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7 December, 2004

Not broken, just different

This Is Broken [16/04/08:  Site dead, so link removed] inadvertently highlights a difference in acquired visual shorthand between N.America (and to an extent, the UK) and mainland Europe (well, at least France).

The example given is of a French street sign, incomprehensible to those in the USA and to me in the UK, but utterly obvious, "even to little children" in France.  The difference in perception is striking.

The reason, as Robby explains in the comments at 'This Is Broken', is that in the USA and UK, a line drawn across a symbol generally means 'no' or 'forbidden', whereas in France, the line is understood to mean 'end'. A sign displaying the word 'Paris' with a line through it would indicate one is leaving Paris.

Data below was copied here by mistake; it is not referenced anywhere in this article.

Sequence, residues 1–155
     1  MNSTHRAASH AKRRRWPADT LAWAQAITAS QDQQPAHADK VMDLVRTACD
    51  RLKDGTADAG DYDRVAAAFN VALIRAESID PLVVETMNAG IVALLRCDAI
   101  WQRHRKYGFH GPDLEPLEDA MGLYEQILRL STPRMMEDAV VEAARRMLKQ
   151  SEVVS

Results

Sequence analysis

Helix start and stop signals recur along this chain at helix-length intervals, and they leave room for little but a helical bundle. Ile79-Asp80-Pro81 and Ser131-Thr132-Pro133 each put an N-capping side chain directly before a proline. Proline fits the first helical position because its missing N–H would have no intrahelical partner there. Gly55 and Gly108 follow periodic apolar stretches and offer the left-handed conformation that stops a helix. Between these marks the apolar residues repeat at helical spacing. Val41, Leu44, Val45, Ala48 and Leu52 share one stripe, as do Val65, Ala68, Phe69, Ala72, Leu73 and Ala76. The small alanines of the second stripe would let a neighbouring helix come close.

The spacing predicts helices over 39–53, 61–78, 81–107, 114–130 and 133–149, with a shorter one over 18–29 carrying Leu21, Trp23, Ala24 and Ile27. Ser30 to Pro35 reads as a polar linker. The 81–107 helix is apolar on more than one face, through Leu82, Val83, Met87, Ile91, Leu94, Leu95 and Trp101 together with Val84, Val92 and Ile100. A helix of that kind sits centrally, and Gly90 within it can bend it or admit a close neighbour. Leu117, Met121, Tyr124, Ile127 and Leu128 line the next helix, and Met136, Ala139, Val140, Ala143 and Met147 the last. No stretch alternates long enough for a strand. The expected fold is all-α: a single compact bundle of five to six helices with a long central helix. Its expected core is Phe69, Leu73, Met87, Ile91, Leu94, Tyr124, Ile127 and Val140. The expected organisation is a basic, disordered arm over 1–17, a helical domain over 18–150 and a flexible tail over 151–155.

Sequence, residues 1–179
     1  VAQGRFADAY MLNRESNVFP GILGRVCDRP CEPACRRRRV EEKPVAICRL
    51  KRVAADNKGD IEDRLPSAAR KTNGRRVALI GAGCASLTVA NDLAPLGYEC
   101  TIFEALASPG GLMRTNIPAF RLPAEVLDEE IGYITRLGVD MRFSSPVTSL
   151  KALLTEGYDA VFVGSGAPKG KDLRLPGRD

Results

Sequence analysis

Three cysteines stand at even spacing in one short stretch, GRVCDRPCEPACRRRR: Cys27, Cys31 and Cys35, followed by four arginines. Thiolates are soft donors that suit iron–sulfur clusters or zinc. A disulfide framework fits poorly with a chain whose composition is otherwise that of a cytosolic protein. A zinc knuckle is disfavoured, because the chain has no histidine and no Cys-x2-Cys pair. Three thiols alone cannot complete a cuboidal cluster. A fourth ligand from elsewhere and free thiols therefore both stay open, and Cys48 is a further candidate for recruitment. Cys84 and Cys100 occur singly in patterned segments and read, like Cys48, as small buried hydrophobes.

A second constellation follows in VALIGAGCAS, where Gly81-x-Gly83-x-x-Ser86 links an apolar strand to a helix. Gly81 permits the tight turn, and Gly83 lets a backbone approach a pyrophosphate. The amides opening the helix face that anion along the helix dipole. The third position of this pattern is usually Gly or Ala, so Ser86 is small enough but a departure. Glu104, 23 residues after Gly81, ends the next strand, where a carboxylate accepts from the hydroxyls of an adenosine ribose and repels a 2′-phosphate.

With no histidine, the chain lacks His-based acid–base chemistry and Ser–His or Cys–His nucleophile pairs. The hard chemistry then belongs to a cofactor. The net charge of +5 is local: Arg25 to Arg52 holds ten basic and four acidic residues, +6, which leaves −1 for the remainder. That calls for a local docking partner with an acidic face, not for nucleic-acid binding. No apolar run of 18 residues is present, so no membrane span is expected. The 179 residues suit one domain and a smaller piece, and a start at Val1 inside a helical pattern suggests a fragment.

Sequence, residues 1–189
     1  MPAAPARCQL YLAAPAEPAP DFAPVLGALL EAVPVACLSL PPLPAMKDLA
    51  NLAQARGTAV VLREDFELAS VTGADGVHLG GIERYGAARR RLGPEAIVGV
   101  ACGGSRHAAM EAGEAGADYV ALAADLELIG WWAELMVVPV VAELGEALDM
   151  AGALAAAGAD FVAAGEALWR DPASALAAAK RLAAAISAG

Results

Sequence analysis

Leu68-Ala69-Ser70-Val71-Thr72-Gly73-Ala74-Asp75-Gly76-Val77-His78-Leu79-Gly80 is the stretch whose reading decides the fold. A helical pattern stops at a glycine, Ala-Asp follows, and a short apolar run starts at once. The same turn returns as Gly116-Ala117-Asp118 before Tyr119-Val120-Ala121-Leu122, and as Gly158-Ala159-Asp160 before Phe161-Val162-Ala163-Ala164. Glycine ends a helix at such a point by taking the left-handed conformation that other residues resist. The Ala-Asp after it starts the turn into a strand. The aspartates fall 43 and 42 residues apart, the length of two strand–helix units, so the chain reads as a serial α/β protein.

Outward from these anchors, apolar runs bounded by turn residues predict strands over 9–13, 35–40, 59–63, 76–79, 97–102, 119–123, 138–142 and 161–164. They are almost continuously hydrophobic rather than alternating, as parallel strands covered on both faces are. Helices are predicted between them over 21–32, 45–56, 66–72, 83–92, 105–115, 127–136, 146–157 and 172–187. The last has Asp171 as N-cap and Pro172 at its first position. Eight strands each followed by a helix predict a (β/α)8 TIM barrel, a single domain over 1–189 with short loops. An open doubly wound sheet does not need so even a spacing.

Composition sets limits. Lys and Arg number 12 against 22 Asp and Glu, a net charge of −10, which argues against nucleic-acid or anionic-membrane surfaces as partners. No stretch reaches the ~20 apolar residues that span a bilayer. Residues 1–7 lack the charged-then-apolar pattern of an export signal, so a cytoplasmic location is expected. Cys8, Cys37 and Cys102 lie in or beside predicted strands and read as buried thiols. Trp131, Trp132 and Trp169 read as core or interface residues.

A UK exception would be the 'national speed limit applies' sign, which could be interpreted as 'zone of previously specified speed restriction ends'. However, the sign itself, a black diagonal across a plain white circle, is non-intuitive anyway, so one would just have to know it, rather than be able to deduce it's meaning.

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